Symantec Source Code Leaked
As a major DLP vendor, this is quite embarrassing on Symantec's part. It's reasonable to assume that the retrieval of such a list could be a result of the files residing on a test server which was mistakenly exposed, or a posting to FTP which unintentionally became public. It also seems, if you trust the hackers' boasting, that the code was obtained from the Indian military. Many governments do require source code from vendors to prove the software isn't spyware.
If the rumors turn out to be true, the implications of the anti-virus code leakage will not keep the Symantec folks awake too late at night, and certainly not their customers. After all, there isn't much hackers can learn from the code which they hadn't known before. Why? Most of the anti-virus product is based on attack signatures. By basing defenses on signatures, malware authors continuously write malware to evade signature detection (in 2007, antivirus could only detect between 20-30% of malware). We noted in our blog on the Black Hole Exploit that only 30% of AV would have been effective. Further, malware versions continuously evolve in such a rate where signatures cannot keep up with them in the first place. The workings of most of the anti-virus' algorithms have also been studied already by hackers in order to write the malware that defeats them. A key benefit of having the source code could be in the hands of the competitors.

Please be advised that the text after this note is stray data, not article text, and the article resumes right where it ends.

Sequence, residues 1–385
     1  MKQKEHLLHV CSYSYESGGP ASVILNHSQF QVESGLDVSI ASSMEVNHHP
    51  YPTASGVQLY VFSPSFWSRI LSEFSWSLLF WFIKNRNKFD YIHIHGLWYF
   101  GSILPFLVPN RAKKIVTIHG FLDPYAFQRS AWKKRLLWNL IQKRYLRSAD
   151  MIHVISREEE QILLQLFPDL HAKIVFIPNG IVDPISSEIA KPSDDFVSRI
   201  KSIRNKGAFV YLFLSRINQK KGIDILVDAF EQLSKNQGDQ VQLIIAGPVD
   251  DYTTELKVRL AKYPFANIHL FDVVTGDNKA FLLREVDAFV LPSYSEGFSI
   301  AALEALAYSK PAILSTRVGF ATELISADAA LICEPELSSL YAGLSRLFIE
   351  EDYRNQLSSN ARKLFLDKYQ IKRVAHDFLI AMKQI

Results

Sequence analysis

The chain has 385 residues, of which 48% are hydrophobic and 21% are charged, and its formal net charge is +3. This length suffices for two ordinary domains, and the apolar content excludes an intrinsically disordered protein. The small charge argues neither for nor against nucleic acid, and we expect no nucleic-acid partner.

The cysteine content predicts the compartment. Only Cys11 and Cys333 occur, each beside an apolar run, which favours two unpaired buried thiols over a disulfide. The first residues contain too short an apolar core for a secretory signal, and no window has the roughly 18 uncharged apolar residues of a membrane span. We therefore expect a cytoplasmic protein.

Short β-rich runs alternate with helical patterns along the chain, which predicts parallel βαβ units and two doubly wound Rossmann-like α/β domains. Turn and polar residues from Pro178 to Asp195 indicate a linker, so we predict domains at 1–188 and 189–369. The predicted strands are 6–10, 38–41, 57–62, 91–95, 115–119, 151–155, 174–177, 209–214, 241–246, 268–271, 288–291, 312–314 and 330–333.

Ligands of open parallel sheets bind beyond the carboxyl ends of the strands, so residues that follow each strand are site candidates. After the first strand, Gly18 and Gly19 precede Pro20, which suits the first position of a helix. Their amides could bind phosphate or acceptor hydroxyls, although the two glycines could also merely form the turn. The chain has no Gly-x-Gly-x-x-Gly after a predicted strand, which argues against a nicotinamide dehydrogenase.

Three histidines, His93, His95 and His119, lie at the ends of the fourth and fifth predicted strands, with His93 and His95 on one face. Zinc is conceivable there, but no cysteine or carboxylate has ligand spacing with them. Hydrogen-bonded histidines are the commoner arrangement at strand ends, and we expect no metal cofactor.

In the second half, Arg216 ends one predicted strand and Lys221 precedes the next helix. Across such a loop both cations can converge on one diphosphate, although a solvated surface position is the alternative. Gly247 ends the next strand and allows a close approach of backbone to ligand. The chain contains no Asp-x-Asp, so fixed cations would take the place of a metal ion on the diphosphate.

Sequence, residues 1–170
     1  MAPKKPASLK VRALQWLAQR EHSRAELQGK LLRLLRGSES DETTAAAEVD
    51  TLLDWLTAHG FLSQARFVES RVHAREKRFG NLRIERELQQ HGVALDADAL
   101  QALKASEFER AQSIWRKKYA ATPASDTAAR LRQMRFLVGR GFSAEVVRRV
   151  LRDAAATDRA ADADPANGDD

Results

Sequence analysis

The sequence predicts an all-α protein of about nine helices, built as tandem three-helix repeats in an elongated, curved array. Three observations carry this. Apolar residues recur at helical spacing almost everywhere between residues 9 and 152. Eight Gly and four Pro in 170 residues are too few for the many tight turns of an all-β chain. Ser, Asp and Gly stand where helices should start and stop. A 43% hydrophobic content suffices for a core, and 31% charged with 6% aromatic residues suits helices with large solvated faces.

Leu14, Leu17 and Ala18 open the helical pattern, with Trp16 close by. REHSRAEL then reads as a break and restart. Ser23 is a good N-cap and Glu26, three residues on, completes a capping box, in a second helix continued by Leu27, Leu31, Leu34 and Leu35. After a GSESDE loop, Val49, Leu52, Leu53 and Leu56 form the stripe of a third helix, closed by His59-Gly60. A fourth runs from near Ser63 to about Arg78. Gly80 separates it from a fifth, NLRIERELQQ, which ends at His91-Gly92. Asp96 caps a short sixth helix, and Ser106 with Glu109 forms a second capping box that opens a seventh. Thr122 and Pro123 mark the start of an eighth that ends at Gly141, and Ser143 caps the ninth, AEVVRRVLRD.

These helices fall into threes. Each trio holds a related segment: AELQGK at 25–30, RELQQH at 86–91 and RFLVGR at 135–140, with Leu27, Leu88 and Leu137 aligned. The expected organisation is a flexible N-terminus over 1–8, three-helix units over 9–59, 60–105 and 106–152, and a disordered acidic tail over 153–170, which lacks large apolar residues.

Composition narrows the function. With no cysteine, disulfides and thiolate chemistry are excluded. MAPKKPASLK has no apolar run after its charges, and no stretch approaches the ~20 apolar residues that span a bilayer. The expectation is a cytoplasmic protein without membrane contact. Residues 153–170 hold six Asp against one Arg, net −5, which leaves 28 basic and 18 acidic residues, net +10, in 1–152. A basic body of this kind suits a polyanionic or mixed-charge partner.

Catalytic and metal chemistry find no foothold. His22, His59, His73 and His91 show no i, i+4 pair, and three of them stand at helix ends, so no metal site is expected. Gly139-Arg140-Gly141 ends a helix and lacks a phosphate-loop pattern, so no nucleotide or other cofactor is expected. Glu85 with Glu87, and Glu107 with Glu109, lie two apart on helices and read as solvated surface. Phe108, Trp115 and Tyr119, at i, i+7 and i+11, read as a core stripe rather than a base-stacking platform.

If the source code is recent and hackers find serious vulnerabilities, it could be possible to exploit the actual anti-virus program itself. But that is a big if and no one but Symantec knows what types of weaknesses hackers could find.